The Caucasian Factor in Eurasian Integration
No. 1 2014 January/March
Sergey M. Markedonov

PhD in History
MGIMO University, Moscow, Russia
Institute for International Studies
Leading Research Fellow;
Journal of International Analytics


ORCID ID: 0000-0003-2298-9684

When Two Allies Have Problems Finding a Third One

Eurasian integration is one of Russia’s key foreign policy priorities at present, viewed as an instrument to bolster its influence in the international arena. As President Vladimir Putin said, “We propose a model of a powerful, supranational union, capable of becoming one of the poles of the modern world and playing an effective role in linking Europe to the thriving Asia-Pacific region.”

Prospects for a major reconfiguration of the post-Soviet space emerged after the Customs Union agreement became effective in July 2010. It was followed by three-and-half-years efforts by Russia and its closest partners Belarus and Kazakhstan to institutionalize the Eurasian integration project, which opened the possibility of other former Soviet republics joining the core “union of three.”

In the recent months, the problems and prospects for Eurasian integration have been largely discussed against the backdrop of unrest in Ukraine. Kyiv backed out of the initialed Association Agreement with the European Union on the eve of the EU and Eastern Partnership members’ summit in Vilnius, provoking a major domestic political crisis. However, there were other causes behind it not necessarily related to international problems. The crisis again highlighted the standoff between Russia and the West, with the former viewing the post-Soviet space as a region of its special and privileged interests and the latter aiming to promote its “geopolitical and energy pluralism” there, naturally at the expense of minimizing Russia’s leading and sometimes exclusive role.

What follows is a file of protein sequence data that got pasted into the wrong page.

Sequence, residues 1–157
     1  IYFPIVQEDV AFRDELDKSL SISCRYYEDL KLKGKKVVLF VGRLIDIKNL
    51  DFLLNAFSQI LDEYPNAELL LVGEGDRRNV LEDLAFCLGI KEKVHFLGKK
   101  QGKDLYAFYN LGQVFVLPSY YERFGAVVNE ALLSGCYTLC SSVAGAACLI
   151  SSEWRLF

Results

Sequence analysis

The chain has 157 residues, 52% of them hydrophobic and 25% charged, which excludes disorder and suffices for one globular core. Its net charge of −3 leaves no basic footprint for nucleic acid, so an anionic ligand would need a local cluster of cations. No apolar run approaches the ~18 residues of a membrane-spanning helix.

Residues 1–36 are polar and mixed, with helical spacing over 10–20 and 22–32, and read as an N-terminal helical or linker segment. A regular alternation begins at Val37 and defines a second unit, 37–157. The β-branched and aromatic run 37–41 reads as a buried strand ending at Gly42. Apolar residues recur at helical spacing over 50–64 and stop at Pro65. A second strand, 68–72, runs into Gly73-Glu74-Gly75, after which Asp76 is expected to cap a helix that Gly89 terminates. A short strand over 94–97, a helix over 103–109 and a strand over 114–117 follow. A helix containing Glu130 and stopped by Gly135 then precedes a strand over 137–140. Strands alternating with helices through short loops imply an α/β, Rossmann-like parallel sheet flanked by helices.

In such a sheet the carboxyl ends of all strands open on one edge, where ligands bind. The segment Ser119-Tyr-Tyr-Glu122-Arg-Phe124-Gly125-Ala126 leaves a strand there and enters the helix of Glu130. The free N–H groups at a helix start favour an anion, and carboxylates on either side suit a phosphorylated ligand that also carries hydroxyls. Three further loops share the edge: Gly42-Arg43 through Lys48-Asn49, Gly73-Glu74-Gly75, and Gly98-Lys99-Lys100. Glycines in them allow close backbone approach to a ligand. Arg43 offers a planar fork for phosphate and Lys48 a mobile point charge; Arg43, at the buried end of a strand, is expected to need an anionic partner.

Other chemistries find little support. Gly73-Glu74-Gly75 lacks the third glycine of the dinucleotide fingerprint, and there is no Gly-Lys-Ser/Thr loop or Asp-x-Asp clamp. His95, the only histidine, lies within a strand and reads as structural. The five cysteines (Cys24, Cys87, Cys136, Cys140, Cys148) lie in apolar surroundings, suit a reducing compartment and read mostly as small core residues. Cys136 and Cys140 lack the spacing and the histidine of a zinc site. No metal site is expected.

Discussions about possibilities and constraints of the Eurasian integration project cannot be limited to Ukrainian events no matter how significant they look. In 2013, developments in Russian-Armenian relations showed that the South Caucasus (Transcaucasia) had no less importance in reconfiguring the post-Soviet space. Whereas possible ethno-political conflicts and Ukraine’s hypothetical breakup are just topics for discussion, the Caucasus even now can be viewed as the most dangerous and unpredictable hotbed in the former Soviet Union. The Caucasus accounts for six of eight armed conflicts, and none of them can be considered settled. Furthermore, there are different interpretations of what the settlement of an ethno-political conflict is. For Russia, the recognition of the independence of Abkhazia and South Ossetia is a way out of the conflict, but Georgia sees this solution as occupation. For Armenia, the self-determination of the Armenian community in Nagorno-Karabakh is the only way to resolve the standoff with Azerbaijan, which, for its part, assumes that the only opportunity is to reintegrate the breakaway area.

Three of the four existing de-facto states are located in the region. It was the Caucasus that created the first precedent of recognition of former autonomous areas as independent states. Although the process of their international legitimization has slowed down, even vehement opponents of official recognition of Abkhazia and South Ossetia acknowledge their significance for settling conflicts and for the stabilization (or de-stabilization) of the Caucasus. This is evidenced in participation of Abkhazia’s and South Ossetia’s representatives in Geneva security talks launched in 2008, as part of the accords between the Russian and French presidents that ended the Georgian-Russian “five-day war.”